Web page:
Locally, I've always found private hire to be pretty good because there are competing companies. From what I've seen of past discussion here about Uber/Lyft/etc, that doesn't appear to be the case in the US.
So shortsighted, I am amazed you can even see the keys on your keyboard.
The insane amounts of VC money going into Uber represents the belief that it will provide massive returns on that investment - which can only be achieved by monopoly dominance and subsequent massive price hikes. If they attain their goals, do you think anyone will be able to challenge them and reintroduce fair/fare competition, given their approach to the norms of business and the law itself ?
Each time you use them is another micro-boost towards monopoly dominance.
They lose 40% (can't remember the exact figure) on every ride. Deliberately, because they are trying to kill off the incumbent taxi business and prevent "ride share" competitors not also funded by billions of VC dollars from taking root. The long term plan is of course that when they have successfully killed off the taxi business, they'll raise their rates to whatever the market will bear.
If they've killed off taxis and successfully prevented competition like Lyft from gaining critical mass, there will be little or no competition, and they will be able to charge MORE than taxis did. That's the ultimate goal, or at least what they'll tell investors when they IPO because the VCs are probably getting tired of pouring money into subsidizing those losses.
They may never reach that long term goal though, as self driving cars may hit before then. Then they'll have to compete with well funded potential rivals like Google and Apple (via its Didi Chuxing investment, if they don't do a car) as well as rental car companies that transform their business before it dies, and probably the automakers themselves.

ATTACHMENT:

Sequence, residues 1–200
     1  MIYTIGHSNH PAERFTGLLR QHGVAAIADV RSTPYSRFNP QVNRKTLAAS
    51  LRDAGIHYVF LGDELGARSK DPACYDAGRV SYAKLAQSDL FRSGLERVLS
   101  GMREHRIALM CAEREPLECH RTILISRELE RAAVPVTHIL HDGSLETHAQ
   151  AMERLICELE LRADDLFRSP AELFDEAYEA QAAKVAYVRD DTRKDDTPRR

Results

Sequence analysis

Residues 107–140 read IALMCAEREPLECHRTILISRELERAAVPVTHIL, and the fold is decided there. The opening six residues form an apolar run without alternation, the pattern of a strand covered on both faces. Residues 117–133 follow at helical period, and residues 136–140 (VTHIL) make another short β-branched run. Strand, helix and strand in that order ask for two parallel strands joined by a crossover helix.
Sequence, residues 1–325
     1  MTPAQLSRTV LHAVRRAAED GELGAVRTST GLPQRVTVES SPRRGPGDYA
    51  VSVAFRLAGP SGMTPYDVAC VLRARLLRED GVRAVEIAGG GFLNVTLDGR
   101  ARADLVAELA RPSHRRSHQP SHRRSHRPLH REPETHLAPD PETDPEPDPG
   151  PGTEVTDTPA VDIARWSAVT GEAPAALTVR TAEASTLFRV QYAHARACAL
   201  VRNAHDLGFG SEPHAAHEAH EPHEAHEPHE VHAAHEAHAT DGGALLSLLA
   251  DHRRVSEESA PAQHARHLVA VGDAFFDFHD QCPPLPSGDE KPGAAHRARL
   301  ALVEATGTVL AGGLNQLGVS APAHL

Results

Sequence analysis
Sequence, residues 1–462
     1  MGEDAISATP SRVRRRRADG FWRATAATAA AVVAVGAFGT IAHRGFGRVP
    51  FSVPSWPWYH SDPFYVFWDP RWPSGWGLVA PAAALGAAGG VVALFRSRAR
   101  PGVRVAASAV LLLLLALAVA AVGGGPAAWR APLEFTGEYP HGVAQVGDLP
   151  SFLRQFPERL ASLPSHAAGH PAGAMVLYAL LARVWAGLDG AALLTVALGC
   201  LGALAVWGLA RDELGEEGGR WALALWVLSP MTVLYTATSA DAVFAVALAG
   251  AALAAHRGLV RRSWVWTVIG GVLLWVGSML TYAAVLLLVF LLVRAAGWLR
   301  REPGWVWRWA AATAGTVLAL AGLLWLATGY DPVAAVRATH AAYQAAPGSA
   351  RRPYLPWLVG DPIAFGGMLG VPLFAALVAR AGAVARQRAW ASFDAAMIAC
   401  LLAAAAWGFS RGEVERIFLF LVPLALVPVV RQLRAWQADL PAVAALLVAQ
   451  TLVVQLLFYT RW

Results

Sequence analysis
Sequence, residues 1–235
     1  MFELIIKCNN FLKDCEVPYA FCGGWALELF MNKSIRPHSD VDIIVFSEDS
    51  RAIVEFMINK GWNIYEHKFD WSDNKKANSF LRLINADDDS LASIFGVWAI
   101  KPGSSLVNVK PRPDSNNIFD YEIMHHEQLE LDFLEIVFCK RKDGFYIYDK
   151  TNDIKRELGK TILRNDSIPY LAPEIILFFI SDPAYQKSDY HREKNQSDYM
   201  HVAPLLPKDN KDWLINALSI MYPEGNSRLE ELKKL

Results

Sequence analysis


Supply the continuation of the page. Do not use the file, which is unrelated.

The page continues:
"Then they'll have to compete with well funded potential rivals like Google and Apple..."
Unlikely, since Uber are already funded by Google, to the tune of about a quarter-billion dollars, and Apple has indirectly funded it by a billion dollars too (via Didi Chuxing).
What need of creating a virtual reality for them? Guess Uber has enough info about them to spot those trying to create a new account. Unless the TOS violation is simply applying existing laws, because the Ubermensch never approved them....
"What need of creating a virtual reality for them?"
Because these users have NOT violated any TOS.
A private companies terms of service does NOT trump local laws.
By blocking them for any breech, they would have to explain what TOS they have broken. While for a normal user, this just means the industry standard of "ignore any form of contact" for the police this may be slightly harder.
I was exactly pointing out that the Uber excuse is quite lame - why create a complex technical solution when TOS violations could be addressed in a much simpler way? It's clear Uber had other reason to deceive a given class of users.
It seems that Uber and specifically its CEO are getting punished for stepping down from Donald Trump’s economic advisory council back at the beginning of February.
I think board would admit that they must replace the CEO in several weeks, and after that all these regulatory woes would disappear.
If two people meeting voluntarily for an activity that hurts no one can really be a "crime." Real crimes have a victim. If the only complainant is some government official enforcing an arbitrary law, that doesn't count. No victim, no crime.
If two people meeting voluntarily for an activity that hurts no one can really be a "crime." Real crimes have a victim.
Except that hailing an Uber is hardly "two people meeting voluntarily"; Uber is a giant world-wide corporation that you asked to send someone 'round to pick you up and they chose who got to do it. *Your* actions may be voluntary but the driver got dispatched to pick you up and won't be driving for Uber much longer if he refuses to obey (meaning it isn't voluntary.)
And there is a victim - lawful Taxi companies and their employees to start and the rest of us later. It would be one thing if Uber was competitive on their merits, but they're "competitive" by straight-up undercutting prices such that they operate at a continual loss and by completely ignoring all of the laws and regulations on their industry. They aim to drive out (no pun intended) the existing Taxi companies and then hike prices up to profitable levels while presumably still treating their drivers like fungible tools. They pretend that they are "disruptive" but in reality they are "running unlicensed Taxis." By that logic my neighborhood drug dealer is "disrupting" the pharmaceutical industry when he sells heroin; all he needs is an app I guess?